If Freddy Galvis could, he’d hit the reset button on 2014. First, he contracted MRSA during spring training. Between April 11 and May 8 with the Phillies, Galvis had just two hits and three walks in 46 plate appearances, resulting in his demotion to Triple-A Lehigh Valley. And now even more bad news.
Via Ryan Lawrence of the Philadelphia Daily News:
Jeff Schuler of the Morning Call tweeted earlier that Galvis had slid into a wall trying to catch a foul ball during Sunday afternoon’s game against the Gwinnett Braves.
Galvis had been demoted as a result of his poor offensive showing at the plate. As a result, the Phillies called up Reid Brignac to fill the club’s utility infielder position. Cesar Hernandez, who was learning third base with Double-A Reading, could be a promotion candidate soon, given his .355/.430/.505 slash line in 107 plate appearances.
Cubs owner Tom Ricketts met the media in Mesa, Arizona today and said a couple of things that were fun.
First, he addressed the controversy that arose earlier this month when emails of his father’s — family patriarch Joe Ricketts — were leaked, showing him forwarding and approvingly commenting on racist jokes. Ricketts apologized for those serving as a “distraction” for the Cubs which, OK. He also said “Those aren’t the values our family was raised with… I never heard my father say anything remotely racist.” If you choose to believe that a 77-year-old conservative guy who loves racist emails — who once spearheaded an anti-Obama ad campaign that required a “literate African-American” as its spokesman — hasn’t said racist stuff a-plenty, that’s between you and your credulity.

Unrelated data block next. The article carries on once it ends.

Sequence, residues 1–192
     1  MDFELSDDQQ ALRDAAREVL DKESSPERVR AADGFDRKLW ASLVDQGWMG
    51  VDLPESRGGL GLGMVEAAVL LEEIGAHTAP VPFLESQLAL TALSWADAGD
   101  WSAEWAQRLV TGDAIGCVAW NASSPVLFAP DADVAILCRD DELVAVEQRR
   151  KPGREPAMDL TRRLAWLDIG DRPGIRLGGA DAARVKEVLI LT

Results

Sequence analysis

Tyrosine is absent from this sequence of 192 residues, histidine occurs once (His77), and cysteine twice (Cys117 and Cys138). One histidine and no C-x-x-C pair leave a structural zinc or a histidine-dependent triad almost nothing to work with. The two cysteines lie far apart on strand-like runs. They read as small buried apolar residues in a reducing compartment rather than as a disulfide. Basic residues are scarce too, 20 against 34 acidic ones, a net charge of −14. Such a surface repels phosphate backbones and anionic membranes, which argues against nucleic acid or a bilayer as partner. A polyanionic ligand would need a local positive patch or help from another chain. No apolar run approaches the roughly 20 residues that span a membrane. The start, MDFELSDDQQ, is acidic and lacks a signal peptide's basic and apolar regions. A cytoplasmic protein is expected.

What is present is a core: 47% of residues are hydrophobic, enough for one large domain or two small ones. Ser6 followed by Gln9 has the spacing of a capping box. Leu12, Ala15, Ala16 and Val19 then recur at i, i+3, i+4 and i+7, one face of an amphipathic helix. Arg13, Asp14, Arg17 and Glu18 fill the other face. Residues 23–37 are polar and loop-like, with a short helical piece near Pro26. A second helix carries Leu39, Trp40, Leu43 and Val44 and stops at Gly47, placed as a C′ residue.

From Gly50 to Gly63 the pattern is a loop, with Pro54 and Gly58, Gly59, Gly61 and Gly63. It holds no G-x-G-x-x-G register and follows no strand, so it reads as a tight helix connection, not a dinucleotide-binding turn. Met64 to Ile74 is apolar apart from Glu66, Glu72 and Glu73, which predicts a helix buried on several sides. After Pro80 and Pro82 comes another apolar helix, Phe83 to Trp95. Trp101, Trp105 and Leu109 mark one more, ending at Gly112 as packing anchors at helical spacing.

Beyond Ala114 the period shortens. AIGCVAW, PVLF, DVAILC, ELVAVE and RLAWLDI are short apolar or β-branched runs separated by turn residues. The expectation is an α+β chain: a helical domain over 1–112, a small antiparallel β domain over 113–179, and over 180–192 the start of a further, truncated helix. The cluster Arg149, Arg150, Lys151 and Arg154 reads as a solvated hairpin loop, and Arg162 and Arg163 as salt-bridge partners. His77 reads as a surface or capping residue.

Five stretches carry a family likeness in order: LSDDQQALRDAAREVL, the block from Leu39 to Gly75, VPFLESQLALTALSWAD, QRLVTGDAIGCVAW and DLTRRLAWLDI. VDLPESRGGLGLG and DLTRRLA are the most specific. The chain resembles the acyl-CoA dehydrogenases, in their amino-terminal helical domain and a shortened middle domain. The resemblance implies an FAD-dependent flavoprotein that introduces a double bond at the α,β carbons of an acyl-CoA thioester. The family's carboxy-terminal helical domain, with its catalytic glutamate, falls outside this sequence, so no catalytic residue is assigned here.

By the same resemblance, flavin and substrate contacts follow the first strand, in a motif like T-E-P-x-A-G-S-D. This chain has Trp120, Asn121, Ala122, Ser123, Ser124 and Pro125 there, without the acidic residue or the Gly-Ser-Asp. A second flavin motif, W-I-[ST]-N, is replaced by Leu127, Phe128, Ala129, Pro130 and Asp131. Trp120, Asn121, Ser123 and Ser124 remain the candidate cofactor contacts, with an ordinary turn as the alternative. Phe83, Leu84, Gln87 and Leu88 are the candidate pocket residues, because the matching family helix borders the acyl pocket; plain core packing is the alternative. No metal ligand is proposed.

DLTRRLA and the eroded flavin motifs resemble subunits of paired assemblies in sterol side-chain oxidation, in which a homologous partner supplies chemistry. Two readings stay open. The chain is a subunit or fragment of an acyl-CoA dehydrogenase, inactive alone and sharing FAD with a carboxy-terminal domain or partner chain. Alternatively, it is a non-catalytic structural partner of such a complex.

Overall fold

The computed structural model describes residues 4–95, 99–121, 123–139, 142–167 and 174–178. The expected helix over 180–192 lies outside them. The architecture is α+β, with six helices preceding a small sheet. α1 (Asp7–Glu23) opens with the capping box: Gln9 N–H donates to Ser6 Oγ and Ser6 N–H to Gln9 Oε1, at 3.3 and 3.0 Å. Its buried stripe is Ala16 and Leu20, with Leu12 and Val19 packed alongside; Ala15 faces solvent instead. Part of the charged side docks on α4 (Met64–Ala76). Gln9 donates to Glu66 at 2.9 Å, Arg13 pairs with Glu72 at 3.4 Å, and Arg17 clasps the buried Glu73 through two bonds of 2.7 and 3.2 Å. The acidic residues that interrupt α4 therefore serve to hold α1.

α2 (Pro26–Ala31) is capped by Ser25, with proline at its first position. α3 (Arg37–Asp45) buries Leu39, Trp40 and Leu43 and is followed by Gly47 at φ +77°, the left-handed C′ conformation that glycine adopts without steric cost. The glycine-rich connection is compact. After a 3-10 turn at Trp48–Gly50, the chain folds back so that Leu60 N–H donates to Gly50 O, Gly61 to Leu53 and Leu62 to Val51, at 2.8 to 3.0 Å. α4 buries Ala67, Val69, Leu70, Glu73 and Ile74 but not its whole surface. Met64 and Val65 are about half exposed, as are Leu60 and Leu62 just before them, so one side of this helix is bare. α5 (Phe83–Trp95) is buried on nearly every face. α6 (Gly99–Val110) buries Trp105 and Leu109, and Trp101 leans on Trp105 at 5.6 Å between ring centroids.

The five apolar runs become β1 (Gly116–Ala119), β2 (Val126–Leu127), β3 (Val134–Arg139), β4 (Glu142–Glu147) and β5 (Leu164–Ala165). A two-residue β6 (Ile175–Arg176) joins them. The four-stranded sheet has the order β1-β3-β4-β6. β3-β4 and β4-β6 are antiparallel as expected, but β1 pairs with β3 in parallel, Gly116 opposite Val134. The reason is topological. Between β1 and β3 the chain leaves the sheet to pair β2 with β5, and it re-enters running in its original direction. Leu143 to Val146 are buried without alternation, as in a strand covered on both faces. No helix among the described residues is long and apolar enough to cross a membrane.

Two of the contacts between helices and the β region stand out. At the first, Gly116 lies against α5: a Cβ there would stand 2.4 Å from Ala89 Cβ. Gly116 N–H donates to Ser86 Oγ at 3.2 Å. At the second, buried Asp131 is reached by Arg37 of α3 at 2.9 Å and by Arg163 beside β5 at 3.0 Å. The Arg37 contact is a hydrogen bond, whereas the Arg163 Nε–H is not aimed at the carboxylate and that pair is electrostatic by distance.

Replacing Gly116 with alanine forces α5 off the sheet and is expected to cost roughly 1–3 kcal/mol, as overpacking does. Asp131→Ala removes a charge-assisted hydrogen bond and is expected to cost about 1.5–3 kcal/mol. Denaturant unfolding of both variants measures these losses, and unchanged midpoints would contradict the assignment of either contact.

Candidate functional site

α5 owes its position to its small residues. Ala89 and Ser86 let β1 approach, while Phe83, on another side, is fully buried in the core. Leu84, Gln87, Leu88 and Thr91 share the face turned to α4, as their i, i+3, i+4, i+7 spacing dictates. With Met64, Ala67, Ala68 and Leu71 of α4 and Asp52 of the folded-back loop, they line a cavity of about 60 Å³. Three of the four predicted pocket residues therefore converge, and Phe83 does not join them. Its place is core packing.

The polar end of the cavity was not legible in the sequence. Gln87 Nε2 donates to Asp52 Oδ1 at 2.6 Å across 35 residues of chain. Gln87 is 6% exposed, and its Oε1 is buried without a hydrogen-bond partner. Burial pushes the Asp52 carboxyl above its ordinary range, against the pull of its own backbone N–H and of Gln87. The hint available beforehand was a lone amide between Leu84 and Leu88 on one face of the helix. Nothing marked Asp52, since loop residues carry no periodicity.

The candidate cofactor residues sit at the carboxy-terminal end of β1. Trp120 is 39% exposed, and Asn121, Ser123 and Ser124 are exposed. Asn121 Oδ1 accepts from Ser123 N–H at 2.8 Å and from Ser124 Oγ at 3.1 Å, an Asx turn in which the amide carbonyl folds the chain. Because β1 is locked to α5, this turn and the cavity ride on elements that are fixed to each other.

More relevant to the 2019 Cubs is this:
The Cubs aren’t in the same position as some other contenders in that (a) they don’t have a cheap payroll; and (b) are not obvious candidates for the big free agents like Harper or Machado, but I still find that comment pretty rich for an owner of one of baseball’s marquee franchises in a non-salary cap league. If nothing else, it’s an admission by Ricketts that he, like the other owners, consider the Luxury Tax to be a defacto salary cap.